Identifying a Counterfeit Ultrasound Probe – ATLAS
G. Wayne Moore
Ultrasound probes are susceptible to both counterfeiting as well as unregulated remanufacturing1. Our friend, Merriam-Webster, defines counterfeit as “something made in imitation of something else with the intent to deceive.” How else would you describe removing and replacing critical performance OEM components with non-OEM components that have not undergone verification and validation testing that demonstrates objective evidence that the non-OEM parts are, as the FDA describes it, substantially equivalent to the OEM parts? These so-called probe repairs also leave the OEM labeling on the connector with no indication that this is no longer an OEM probe – that is the very definition of deception.
One of the key development attributes of the Acertara ATLAS probe tester was to “finger-print” the essential performance parameters of an ultrasound probe, down to each individual element, the acoustic lens, and each wire in the probe cable (see reports on following page). Working with the OEMs in this regard we have established the normative values and acceptable variances for key performance criteria such as Time-of-Flight, sensitivity, complex impedance, pulse length, center frequency, and bandwidth2. These values are input to our ATLAS device which then compares the probe under test to an OEM in-kind model. This fingerprint of probe performance allows us to quickly and accurately identify non-OEM parts within the probe, such as the acoustic lens, the acoustic stack, and the cable.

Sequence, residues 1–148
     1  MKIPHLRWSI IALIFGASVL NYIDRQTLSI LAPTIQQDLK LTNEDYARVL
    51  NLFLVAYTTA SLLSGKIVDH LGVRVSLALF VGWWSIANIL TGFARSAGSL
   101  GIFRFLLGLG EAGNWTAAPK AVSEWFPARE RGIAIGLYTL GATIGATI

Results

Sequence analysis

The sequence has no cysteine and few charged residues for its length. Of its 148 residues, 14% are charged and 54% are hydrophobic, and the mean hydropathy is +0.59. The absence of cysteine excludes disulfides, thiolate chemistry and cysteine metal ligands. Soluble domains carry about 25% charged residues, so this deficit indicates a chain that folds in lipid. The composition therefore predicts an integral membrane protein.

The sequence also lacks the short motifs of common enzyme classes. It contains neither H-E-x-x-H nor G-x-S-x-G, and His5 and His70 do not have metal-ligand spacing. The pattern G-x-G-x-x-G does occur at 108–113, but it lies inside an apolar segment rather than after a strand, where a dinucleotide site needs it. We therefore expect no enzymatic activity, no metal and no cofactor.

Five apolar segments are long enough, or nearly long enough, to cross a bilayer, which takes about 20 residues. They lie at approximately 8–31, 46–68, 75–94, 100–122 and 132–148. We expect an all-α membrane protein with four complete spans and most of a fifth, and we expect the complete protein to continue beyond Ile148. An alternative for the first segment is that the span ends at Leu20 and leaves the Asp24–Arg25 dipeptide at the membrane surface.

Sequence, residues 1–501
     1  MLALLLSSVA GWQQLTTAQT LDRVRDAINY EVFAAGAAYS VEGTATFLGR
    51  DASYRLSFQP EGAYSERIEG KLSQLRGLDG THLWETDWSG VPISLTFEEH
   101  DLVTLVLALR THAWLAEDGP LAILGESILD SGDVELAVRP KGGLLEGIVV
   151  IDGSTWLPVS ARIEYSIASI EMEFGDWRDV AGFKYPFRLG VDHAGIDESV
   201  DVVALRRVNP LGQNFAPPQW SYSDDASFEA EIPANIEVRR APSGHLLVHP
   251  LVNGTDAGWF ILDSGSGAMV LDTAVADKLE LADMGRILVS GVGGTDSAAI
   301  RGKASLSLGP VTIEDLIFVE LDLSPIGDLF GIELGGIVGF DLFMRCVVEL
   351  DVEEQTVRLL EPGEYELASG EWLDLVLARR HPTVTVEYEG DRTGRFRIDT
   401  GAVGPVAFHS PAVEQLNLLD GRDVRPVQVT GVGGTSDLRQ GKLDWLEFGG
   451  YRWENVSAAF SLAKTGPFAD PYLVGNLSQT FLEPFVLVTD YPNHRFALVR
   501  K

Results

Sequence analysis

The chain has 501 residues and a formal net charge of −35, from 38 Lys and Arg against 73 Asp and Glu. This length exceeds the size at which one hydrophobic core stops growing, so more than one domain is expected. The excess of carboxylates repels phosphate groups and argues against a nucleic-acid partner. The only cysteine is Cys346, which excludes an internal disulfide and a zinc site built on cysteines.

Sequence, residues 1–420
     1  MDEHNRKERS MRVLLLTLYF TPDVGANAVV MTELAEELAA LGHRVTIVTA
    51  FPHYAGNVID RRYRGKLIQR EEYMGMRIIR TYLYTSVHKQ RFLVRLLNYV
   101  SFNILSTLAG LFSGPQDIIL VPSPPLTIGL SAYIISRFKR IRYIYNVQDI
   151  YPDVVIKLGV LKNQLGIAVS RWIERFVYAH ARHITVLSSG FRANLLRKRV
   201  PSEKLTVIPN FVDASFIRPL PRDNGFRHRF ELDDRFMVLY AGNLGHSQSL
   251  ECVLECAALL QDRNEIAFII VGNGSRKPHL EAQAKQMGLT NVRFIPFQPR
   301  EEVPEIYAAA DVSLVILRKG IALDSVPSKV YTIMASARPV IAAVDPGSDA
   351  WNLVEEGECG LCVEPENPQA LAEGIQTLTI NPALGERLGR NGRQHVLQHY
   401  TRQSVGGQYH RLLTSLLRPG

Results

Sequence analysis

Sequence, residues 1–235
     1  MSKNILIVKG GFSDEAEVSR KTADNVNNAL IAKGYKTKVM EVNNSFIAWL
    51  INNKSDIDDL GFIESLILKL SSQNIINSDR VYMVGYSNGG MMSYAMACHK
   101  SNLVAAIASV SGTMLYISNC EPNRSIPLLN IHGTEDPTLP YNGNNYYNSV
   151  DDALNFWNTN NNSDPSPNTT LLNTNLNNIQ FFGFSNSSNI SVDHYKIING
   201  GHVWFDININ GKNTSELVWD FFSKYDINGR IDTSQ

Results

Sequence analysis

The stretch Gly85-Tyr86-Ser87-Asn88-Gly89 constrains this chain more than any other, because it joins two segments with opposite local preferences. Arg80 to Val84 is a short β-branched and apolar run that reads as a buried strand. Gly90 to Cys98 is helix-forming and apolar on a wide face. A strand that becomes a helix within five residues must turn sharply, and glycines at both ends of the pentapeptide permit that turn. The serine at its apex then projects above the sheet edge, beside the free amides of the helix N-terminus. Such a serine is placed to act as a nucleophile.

If you think you might be using a probe that was “repaired” by using non-OEM parts send it to us for free testing and analysis. You will receive a full test report with comparisons between an actual OEM probe of the same model, versus the one you send in. Working with the transducer OEMs we have the performance data and acceptable variances that is matched with your probe – we will show you with hard data, which is which. Your hospital and patients thank you for letting us “look into” this for you3.
Until next month, Wayne
G. Wayne Moore, B.Sc., MA, FASE, FAIUM
- US-FDA Marketing Clearance, 510(k) – Ultrasound Systems and Transducer Guidance, June 27, 2019, Appendix C
- Ensuring Clinical Efficacy and Patient Safety with Repaired Ultrasound Probes, Bigelow, T, PhD, Moore, G.W., BSc, MA, Zagezebski, J., PhD. Journal of Ultrasound in Medicine, Volume 37, Issue 2, Feb 2018, Pages 315-328
- AIUM Official Statement – Transducer Testing and Repair, Approved: 08/12/2019